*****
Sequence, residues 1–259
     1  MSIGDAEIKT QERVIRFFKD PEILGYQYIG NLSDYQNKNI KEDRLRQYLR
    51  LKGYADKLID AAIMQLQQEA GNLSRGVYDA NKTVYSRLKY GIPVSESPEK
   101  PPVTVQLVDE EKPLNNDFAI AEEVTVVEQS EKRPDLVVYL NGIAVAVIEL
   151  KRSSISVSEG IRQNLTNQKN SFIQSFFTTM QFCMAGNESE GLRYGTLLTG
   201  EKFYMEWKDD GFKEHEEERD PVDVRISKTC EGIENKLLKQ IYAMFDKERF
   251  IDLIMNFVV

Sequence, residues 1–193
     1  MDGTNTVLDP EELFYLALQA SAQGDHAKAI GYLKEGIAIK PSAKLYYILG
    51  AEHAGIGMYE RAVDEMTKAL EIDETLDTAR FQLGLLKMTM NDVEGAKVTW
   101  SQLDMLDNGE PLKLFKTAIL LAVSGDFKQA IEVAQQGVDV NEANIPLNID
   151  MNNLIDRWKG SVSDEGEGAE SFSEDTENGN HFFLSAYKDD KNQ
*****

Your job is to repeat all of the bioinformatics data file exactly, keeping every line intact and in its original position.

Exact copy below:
Sequence, residues 1–259
     1  MSIGDAEIKT QERVIRFFKD PEILGYQYIG NLSDYQNKNI KEDRLRQYLR
    51  LKGYADKLID AAIMQLQQEA GNLSRGVYDA NKTVYSRLKY GIPVSESPEK
   101  PPVTVQLVDE EKPLNNDFAI AEEVTVVEQS EKRPDLVVYL NGIAVAVIEL
   151  KRSSISVSEG IRQNLTNQKN SFIQSFFTTM QFCMAGNESE GLRYGTLLTG
   201  EKFYMEWKDD GFKEHEEERD PVDVRISKTC EGIENKLLKQ IYAMFDKERF
   251  IDLIMNFVV

Sequence, residues 1–193
     1  MDGTNTVLDP EELFYLALQA SAQGDHAKAI GYLKEGIAIK PSAKLYYILG
    51  AEHAGIGMYE RAVDEMTKAL EIDETLDTAR FQLGLLKMTM NDVEGAKVTW
   101  SQLDMLDNGE PLKLFKTAIL LAVSGDFKQA IEVAQQGVDV NEANIPLNID
   151  MNNLIDRWKG SVSDEGEGAE SFSEDTENGN HFFLSAYKDD KNQ